On that note, it’s a good idea to keep in frequent contact with family or friends to let them know your whereabouts and route plans. While your cell phone can easily put you in touch with family, there are still many places where cell signal strength is scant or non-existent. In the event that something unfortunate happens, it’s good to have someone who knows where you are. For this reason, it’s a good idea to have a plan in case of an emergency. Here are some things to have in your emergency plan:

  • Emergency contact information- Who should be contacted in the event of an emergency?
  • Health insurance information and certificates
  • A living will– advance directives for health care providers
  • Who do you want to look after your pet if something happens to you?

How To Get Wifi On The Road

On my own travels, I’ve found that almost every town has a cell signal or wifi at a cafe, RV park, or public library. However, depending on where you tend to travel, you might want to explore mobile internet options and find one that fits your unique situation.

  • Starlink Mobile Internet This is a popular choice with many RVers. It works well as long as you have a clear view of the northern sky. If you’re camping in a forest or in the Rocky Mountains, it won’t work.
  • Mobile internet solutions from companies like Mobile Must Have leverage cellular data to provide vanlifers with internet access through mobile hotspots. While just using a cell phone for the internet might seem sufficient, mobile hotspots offer a more robust and reliable connection. They are specifically designed to handle the varied and often demanding internet needs of life on the road. With advanced technologies like 5G, these hotspots ensure faster and more stable connections for activities like streaming, video calls, and remote work. Additionally, they offer the flexibility to choose from a range of data plans tailored to different usage needs, making them a superior choice for consistent, high-quality internet connectivity in a mobile lifestyle.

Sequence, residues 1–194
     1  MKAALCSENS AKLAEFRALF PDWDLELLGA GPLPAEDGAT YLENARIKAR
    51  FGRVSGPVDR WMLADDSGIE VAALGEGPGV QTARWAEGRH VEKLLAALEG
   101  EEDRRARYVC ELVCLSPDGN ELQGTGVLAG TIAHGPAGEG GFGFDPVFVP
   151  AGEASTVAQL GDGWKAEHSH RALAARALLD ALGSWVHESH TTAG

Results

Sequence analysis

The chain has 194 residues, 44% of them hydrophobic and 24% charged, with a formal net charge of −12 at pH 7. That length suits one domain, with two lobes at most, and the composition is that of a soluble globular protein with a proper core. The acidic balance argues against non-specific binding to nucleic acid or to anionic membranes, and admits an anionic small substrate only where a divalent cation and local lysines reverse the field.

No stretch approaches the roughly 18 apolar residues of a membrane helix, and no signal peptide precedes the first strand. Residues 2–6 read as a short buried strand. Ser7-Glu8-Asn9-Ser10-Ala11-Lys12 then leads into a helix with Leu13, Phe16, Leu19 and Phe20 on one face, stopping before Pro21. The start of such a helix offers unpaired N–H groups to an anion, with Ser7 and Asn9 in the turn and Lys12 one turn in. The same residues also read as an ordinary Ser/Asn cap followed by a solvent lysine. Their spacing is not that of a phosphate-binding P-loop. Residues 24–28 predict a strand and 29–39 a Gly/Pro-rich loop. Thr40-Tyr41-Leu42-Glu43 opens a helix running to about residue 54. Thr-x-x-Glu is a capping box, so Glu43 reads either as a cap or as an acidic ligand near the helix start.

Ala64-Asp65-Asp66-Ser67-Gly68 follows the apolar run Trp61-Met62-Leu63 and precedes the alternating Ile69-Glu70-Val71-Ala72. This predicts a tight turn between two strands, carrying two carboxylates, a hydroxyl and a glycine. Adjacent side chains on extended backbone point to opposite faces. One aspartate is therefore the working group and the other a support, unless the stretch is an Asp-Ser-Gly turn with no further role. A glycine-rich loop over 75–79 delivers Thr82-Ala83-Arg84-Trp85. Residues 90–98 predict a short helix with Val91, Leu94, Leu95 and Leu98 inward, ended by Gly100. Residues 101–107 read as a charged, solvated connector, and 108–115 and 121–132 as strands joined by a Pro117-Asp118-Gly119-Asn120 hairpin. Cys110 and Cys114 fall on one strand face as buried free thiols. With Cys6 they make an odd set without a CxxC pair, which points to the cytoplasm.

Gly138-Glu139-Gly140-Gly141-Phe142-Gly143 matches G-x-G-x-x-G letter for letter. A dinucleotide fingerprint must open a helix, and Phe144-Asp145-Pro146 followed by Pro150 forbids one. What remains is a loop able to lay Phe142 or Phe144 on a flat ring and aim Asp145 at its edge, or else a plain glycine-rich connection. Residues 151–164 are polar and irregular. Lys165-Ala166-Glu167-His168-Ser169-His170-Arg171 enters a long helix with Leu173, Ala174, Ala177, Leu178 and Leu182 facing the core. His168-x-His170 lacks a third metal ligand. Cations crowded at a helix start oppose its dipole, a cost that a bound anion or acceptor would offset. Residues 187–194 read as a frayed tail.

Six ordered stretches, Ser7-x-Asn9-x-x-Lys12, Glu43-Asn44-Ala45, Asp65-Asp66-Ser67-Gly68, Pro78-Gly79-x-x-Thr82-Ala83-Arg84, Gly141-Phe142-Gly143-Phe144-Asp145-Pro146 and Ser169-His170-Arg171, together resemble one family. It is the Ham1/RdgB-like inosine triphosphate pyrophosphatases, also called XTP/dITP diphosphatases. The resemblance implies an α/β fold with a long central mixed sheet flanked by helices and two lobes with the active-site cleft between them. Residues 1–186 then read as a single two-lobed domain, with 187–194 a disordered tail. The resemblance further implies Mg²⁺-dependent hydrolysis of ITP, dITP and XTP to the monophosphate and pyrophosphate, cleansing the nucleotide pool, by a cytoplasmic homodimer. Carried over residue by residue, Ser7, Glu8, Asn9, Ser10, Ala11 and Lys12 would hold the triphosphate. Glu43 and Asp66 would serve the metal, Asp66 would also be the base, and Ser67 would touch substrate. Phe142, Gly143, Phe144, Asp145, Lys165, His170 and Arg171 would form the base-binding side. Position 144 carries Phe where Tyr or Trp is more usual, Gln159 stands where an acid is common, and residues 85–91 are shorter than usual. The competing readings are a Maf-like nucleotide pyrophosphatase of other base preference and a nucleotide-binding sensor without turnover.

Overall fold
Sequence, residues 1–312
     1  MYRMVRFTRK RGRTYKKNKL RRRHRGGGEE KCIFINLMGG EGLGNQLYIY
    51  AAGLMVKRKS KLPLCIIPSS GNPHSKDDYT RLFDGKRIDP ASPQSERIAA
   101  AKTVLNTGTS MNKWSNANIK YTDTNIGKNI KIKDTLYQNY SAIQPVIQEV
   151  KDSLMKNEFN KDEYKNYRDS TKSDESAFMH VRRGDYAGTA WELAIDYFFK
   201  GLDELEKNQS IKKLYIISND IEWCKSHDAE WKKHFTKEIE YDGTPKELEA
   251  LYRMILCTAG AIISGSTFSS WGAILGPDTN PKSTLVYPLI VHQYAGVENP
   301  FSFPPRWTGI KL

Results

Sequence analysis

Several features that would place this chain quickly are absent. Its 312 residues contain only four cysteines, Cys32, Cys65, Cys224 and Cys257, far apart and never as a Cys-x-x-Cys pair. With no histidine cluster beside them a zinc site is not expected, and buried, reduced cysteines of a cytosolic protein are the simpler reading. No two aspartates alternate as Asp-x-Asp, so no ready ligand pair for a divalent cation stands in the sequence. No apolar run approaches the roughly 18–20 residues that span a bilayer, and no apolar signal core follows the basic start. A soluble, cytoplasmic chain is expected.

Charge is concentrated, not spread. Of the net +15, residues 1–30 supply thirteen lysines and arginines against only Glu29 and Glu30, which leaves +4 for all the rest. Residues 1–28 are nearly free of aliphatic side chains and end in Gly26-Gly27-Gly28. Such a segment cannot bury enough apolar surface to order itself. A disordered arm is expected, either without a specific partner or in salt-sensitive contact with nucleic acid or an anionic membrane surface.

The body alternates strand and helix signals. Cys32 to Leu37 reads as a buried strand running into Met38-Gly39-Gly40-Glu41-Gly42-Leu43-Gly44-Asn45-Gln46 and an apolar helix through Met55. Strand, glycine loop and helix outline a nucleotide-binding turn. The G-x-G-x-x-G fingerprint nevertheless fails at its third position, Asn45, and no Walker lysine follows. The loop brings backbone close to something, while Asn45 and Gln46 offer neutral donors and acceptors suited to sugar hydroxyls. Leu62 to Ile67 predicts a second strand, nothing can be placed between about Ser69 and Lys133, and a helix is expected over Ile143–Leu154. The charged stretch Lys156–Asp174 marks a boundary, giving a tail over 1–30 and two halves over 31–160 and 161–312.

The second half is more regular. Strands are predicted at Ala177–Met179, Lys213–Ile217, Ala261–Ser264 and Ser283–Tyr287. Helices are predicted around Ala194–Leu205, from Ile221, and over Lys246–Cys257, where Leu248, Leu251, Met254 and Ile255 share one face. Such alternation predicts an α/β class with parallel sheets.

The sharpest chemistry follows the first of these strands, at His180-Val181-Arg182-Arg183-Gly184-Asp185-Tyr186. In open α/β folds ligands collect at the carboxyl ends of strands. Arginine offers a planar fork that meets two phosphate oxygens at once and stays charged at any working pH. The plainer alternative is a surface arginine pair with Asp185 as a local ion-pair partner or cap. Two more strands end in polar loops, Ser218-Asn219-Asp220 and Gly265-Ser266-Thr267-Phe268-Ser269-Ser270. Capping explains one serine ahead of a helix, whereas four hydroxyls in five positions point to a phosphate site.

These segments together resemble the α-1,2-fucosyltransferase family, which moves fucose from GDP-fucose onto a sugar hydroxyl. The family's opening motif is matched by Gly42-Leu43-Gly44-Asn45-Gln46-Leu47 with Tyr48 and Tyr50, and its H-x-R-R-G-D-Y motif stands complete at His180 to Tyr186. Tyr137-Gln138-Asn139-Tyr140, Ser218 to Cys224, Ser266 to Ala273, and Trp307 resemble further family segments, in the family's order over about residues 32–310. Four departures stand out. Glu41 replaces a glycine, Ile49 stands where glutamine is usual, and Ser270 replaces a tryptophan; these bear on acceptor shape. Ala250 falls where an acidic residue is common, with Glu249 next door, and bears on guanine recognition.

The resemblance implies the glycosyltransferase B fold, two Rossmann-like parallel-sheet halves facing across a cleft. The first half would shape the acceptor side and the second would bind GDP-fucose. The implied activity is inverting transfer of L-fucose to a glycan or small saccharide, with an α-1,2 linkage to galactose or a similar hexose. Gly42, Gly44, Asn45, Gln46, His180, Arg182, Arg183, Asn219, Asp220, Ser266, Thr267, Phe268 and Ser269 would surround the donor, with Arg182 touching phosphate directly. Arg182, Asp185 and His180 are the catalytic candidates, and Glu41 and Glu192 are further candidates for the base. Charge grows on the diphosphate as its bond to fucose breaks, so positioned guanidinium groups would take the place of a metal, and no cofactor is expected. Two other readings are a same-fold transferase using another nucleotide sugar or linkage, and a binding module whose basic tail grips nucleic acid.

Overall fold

• Cell Phone Data: Most cell phone packages come with data plans and hotspot capability. Using a cellphone as a mobile hotspot can be a good option for those who don’t need a constant, robust internet connection. At least when you have a cellular signal. Just be sure to keep track of the data you’re using. Otherwise, you could wind up cut off before you know what’s happened. For most people, 100GB of data is more than enough. However, if you stream a lot of videos, you might need more than that.

Building a Network Of Other Van Lifers

There’s no getting around that there are times when van life can get lonely. But your fellow van lifers have devised ways to build a network of like-minded people all over the country. There are now groups and meetups just for van life enthusiasts all over the internet. These are great places to meet other senior van life enthusiasts.

On Facebook:

Van life meetups are another great option if you’re looking to meet others who enjoy the Van lifestyle. To learn more about van life meetups, click here for the Vanlifers article by Vanlifer and author Jamie Leo.


As the van life phenomenon continues to grow throughout North America, more baby boomers and members of the silent generation than ever are discovering that it might be an option for them. After all, many older people are relatively healthy well into their 80s these days. Not everyone wants to be tied down by a traditional home as they get older. Other things that attract seniors to van life are its dramatically lower living expenses and a yearning to wake up to a different, beautiful new view every day. While van life might be a perfect retirement or pre-retirement option for some people, it’s not for everyone.

Like any other lifestyle, van life has drawbacks. For one thing, the interior of the average van is only about 126 square feet. Just for perspective: That’s smaller than some walk-in closets. With that being said, even if you love the outdoors, the inside of a camper van can seem pretty cramped when inclement weather keeps you from going outside.

However, if you’re one of the many people who can be comfortable living in a cozy space, van life can be rewarding in ways that no other lifestyle can offer. Those who embrace their golden years on wheels enjoy fulfilling lives built around a level of freedom that few others get to experience.